She found a Facebook page called Save Skinny Dipper Hot Springs
, created in the beginning of May and linked up with others vested in keeping the springs from being torn out. Now, almost three months later, the page has nearly 9,000 followers.
Graziano worked with a nonprofit called Growing Change to put together a proposal to manage the hot springs and keep it open, but on July 27, the page made a post that disappointed many of its followers:
All this stems from a report Fischer released at the end of April, stating that the hot springs doubled as a hot spot for crime. According to the BLM, law enforcement has responded to more than 125 calls in the past five years at the springs for incidents of underage drinking, illegal drug use, vehicle break-ins and sexual assault. Three deaths have occurred at the springs: a drug-related murder, a heart attack and a fatal fall from a nearby cliff. Health hazards also cropped up, such as used needles, garbage and human waste.
"I'm responsible for maintaining public health and safety on public lands," Fischer told Boise Weekly
back in May. "Right now, I don't feel confident I can do that at Skinny Dipper."
reached out to Graziano about the failed proposal, her disappointment was clear.
"Right now is pretty painful," she said. "We all put in so much energy, time and passion on this project just to feel like the BLM really didn't have plans to give us a chance to begin with."
Britton Valle, who started the Save Skinny Dipper Facebook page, commiserated with Graziano. He said he's received mixed messages from Fischer, who claims to welcome a proposal to keep the hot springs open, but didn't seem open to it once the proposal was turned in.
"They paint a picture of needles and feces [at the hot springs] and it's not true at all," Valle said. "Anyone who has been there knows that's the biggest load of crap ever. ... We try to follow all the rules and go about it the right way and they just silently bully their way to make it impossible to save this spot. It's crazy, crazy."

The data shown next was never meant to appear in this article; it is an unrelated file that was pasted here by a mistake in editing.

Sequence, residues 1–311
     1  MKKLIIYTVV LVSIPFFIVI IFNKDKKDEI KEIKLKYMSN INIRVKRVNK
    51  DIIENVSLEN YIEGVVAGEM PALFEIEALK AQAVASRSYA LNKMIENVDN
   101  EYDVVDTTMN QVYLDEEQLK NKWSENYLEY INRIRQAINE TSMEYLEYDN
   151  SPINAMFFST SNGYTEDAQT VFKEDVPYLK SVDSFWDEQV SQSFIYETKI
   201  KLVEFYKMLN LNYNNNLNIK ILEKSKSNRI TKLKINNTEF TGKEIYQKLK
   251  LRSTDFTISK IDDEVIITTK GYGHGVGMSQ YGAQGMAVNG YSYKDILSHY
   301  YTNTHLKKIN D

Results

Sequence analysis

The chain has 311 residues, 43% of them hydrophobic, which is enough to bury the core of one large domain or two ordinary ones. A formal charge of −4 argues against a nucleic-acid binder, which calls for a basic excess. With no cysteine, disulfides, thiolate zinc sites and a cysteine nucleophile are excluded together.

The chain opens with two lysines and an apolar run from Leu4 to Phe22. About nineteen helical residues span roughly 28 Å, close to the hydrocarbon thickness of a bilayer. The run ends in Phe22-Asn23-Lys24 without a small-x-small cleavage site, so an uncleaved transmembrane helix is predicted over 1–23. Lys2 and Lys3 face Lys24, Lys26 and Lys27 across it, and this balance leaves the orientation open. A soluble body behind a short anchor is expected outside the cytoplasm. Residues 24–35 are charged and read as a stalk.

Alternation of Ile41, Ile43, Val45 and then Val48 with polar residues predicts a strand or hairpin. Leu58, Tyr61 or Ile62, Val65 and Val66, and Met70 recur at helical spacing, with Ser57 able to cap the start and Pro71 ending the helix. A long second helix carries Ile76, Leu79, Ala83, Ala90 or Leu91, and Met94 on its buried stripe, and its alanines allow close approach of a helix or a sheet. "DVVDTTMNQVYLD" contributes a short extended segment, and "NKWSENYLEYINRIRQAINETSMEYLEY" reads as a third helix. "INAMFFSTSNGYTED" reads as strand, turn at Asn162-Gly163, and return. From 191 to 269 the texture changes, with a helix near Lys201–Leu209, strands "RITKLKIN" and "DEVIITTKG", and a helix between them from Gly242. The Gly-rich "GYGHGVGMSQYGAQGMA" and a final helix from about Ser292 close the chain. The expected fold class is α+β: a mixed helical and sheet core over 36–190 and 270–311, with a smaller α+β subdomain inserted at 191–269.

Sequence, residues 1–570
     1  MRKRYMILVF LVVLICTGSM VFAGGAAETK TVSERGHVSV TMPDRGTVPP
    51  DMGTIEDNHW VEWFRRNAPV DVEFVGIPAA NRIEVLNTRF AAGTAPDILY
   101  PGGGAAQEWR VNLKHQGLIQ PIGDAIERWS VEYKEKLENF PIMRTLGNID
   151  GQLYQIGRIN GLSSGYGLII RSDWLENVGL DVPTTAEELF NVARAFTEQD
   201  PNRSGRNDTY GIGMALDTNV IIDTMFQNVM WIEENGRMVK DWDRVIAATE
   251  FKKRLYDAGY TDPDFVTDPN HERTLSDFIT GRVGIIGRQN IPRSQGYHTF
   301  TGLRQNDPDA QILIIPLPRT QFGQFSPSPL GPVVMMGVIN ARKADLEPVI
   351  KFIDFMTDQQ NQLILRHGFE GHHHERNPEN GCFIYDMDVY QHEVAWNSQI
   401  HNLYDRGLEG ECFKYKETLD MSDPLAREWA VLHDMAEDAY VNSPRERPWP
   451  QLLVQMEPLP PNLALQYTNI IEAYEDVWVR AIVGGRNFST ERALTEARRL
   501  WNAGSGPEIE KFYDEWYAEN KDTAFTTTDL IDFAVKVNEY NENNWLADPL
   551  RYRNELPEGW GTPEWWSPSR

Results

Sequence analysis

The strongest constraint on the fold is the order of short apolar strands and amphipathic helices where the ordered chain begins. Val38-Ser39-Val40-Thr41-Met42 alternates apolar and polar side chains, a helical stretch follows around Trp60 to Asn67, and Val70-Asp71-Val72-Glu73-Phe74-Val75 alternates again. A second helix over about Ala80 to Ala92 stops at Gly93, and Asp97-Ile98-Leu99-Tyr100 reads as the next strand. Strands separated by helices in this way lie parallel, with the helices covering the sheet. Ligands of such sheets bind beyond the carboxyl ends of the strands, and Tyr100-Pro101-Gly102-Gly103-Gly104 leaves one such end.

Fischer, on the other hand, said he's still having conversations to see if a proposal can work out with Growing Change. He said the problem with their first proposal was it was too broad. He said it recognized the concerns he raised in his decision, but didn't give any specific plans on how to address those problems.
"It was lacking a lot of details that it needed to have," he said.
As far as the $1,000 is concerned, Fischer said that's the fee of the special land use permit, should an application be accepted. He said it's likely that's just the beginning of the costs. For example, if the proposal to keep the hot springs open included installing a public restroom, that would be another huge cost for the nonprofit.
"Some of the stuff I noticed on the Skinny Dipper Facebook page was not really correct," Fischer said. "It was an emotional response. We need a response we can work with."
As of now, the plan is still to close the hot springs at the end of this year, and start tearing out the piping and pools next spring. An appeal to rescind Fischer's decision is working its way through the Interior Board of Land Appeals, and Fischer said he's still open to working with a group to keep the hot springs open.
Valle set up a GoFundMe account
to raise $1,000 to possibly help with the permit, should an application be accepted soon.
When Kyme Graziano found out that the Bureau of Land Management's Four Rivers Field Manager, Tate Fischer, made the decision to close Skinny Dipper Hot Springs—a popular soak spot four miles east of Banks—she became one of a few individuals leading the charge to save the springs.